AI’s State of Affairs

Human-level control through deep reinforcement learning

-The theory of reinforcement learning provides a normative account1, deeply rooted in psychological2 and neuroscientific3 perspectives on animal behaviour, of how agents may optimize their control of an environment. To use reinforcement learning successfully in situations approaching real-world complexity, however, agents are confronted with a difficult task: they must derive efficient representations of the environment from high-dimensional sensory inputs, and use these to generalize past experience to new situations. Remarkably, humans and other animals seem to solve this problem through a harmonious combination of reinforcement learning and hierarchical sensory processing systems4, 5, the former evidenced by a wealth of neural data revealing notable parallels between the phasic signals emitted by dopaminergic neurons and temporal difference reinforcement learning algorithms3. While reinforcement learning agents have achieved some successes in a variety of domains6, 7, 8, their applicability has previously been limited to domains in which useful features can be handcrafted, or to domains with fully observed, low-dimensional state spaces. Here we use recent advances in training deep neural networks9, 10, 11 to develop a novel artificial agent, termed a deep Q-network, that can learn successful policies directly from high-dimensional sensory inputs using end-to-end reinforcement learning. We tested this agent on the challenging domain of classic Atari 2600 games12. We demonstrate that the deep Q-network agent, receiving only the pixels and the game score as inputs, was able to surpass the performance of all previous algorithms and achieve a level comparable to that of a professional human games tester across a set of 49 games, using the same algorithm, network architecture and hyperparameters. This work bridges the divide between high-dimensional sensory inputs and actions, resulting in the first artificial agent that is capable of learning to excel at a diverse array of challenging tasks.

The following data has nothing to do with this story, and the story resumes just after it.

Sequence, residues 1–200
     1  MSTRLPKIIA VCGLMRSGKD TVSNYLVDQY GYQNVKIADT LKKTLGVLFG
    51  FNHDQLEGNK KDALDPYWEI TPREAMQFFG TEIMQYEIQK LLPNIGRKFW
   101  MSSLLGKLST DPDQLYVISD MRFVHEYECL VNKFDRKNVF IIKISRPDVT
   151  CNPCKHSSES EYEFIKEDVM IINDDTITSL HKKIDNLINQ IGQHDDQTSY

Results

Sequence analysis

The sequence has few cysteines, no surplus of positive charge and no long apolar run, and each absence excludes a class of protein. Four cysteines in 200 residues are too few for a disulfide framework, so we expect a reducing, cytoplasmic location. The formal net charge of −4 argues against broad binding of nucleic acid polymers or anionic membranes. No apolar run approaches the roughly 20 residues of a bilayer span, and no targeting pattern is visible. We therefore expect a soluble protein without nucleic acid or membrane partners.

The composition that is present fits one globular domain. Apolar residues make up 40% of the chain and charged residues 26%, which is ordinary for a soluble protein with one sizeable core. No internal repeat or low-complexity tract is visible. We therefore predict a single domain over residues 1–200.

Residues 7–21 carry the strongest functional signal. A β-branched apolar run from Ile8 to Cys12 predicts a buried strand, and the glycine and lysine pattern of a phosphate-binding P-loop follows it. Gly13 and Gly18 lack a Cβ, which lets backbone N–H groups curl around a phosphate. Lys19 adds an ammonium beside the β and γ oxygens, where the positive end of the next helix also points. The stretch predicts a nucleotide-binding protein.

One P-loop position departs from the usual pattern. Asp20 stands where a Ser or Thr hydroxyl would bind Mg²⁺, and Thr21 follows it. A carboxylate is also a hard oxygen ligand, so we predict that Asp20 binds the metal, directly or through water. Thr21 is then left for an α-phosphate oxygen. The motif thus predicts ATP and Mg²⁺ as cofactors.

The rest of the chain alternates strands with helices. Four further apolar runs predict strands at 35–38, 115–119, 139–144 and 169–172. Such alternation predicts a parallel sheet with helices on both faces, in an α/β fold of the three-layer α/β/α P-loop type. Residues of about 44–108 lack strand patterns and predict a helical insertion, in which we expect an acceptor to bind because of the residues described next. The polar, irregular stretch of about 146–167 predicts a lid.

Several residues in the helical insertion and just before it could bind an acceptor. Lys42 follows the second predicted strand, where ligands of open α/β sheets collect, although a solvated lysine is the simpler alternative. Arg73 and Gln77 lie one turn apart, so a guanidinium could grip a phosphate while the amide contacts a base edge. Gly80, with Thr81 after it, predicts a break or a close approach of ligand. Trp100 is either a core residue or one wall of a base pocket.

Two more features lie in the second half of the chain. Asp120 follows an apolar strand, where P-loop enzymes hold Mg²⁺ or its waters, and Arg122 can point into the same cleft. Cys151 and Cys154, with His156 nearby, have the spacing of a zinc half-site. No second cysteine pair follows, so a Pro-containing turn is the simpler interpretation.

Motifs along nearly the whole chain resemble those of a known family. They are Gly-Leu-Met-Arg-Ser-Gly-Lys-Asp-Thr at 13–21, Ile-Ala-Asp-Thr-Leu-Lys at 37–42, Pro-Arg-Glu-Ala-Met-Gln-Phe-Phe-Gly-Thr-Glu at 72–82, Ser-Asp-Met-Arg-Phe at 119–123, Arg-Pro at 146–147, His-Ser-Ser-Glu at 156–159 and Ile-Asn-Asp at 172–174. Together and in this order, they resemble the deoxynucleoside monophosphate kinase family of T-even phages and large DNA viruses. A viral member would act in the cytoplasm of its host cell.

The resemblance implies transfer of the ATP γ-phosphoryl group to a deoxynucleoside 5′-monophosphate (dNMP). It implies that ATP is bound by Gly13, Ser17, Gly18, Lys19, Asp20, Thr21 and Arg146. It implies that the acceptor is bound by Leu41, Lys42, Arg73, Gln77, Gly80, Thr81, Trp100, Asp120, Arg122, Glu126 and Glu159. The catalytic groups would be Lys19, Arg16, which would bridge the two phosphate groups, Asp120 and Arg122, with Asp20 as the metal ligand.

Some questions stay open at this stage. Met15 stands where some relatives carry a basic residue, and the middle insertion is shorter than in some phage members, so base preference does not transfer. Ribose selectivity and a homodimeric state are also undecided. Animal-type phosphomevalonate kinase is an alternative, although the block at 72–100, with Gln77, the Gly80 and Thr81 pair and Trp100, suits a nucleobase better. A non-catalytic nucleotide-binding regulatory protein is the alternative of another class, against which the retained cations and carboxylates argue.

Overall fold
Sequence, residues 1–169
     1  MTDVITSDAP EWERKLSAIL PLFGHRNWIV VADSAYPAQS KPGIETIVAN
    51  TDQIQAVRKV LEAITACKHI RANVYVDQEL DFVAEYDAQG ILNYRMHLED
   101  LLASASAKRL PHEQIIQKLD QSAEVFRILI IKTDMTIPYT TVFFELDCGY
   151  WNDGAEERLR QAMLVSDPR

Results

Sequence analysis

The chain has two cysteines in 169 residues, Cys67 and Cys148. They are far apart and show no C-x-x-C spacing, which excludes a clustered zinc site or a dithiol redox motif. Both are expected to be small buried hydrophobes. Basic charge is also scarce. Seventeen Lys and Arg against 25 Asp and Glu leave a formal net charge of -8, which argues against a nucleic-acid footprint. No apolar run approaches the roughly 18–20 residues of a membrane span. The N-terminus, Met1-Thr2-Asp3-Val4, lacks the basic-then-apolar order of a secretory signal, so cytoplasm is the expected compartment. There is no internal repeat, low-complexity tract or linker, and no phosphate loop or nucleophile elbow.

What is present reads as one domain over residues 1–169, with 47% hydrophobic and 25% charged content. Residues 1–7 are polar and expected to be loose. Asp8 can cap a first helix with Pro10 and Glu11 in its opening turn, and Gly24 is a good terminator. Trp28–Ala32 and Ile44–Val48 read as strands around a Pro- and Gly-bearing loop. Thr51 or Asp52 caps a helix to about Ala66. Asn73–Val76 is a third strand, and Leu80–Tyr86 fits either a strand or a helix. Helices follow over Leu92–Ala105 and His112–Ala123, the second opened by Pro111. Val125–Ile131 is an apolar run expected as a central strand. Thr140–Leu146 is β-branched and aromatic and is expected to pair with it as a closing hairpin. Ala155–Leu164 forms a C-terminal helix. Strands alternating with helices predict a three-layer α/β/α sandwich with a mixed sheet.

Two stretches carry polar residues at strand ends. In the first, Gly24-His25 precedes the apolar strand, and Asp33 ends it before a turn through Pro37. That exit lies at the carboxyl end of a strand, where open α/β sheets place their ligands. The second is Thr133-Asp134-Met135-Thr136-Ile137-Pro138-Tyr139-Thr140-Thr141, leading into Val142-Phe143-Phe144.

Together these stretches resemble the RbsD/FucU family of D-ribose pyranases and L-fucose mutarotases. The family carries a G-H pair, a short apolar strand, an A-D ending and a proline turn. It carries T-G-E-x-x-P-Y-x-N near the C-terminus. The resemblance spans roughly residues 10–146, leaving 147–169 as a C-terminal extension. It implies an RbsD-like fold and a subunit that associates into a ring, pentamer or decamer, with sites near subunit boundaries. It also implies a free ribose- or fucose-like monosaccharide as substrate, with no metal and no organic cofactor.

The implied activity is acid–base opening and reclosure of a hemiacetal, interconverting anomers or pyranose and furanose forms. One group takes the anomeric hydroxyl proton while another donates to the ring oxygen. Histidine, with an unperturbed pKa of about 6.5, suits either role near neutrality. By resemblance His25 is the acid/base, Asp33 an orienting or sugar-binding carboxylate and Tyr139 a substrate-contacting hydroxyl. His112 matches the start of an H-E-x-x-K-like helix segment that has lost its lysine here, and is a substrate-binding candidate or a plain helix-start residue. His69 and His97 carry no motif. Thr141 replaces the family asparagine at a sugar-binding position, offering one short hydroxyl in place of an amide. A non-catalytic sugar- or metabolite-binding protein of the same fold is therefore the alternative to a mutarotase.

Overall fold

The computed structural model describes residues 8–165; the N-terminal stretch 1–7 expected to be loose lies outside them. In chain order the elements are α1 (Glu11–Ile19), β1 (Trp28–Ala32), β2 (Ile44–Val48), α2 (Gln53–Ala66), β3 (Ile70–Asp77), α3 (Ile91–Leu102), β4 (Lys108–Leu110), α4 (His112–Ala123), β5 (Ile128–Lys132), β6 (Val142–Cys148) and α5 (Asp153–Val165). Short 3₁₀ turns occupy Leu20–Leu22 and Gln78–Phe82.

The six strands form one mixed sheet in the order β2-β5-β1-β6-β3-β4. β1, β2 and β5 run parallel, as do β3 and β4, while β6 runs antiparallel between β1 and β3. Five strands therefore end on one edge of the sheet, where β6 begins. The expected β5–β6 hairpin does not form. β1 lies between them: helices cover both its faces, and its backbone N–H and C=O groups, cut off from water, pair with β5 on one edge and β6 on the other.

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This demo follows the description of the Deep Q Learning algorithm described in Playing Atari with Deep Reinforcement Learning, a paper from NIPS 2013 Deep Learning Workshop from DeepMind. The paper is a nice demo of a fairly standard (model-free) Reinforcement Learning algorithm (Q Learning) learning to play Atari games.

In this demo, instead of Atari games, we’ll start out with something more simple: a 2D agent that has 9 eyes pointing in different angles ahead and every eye senses 3 values along its direction (up to a certain maximum visibility distance): distance to a wall, distance to a green thing, or distance to a red thing. The agent navigates by using one of 5 actions that turn it different angles. The red things are apples and the agent gets reward for eating them. The green things are poison and the agent gets negative reward for eating them. The training takes a few tens of minutes with current parameter settings.

Over time, the agent learns to avoid states that lead to states with low rewards, and picks actions that lead to better states instead.

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Code for Human-Level Control through Deep Reinforcement Learning

Please click here to download the code associated with DeepMind’s Nature Letter on “Human-Level Control through Deep Reinforcement Learning”
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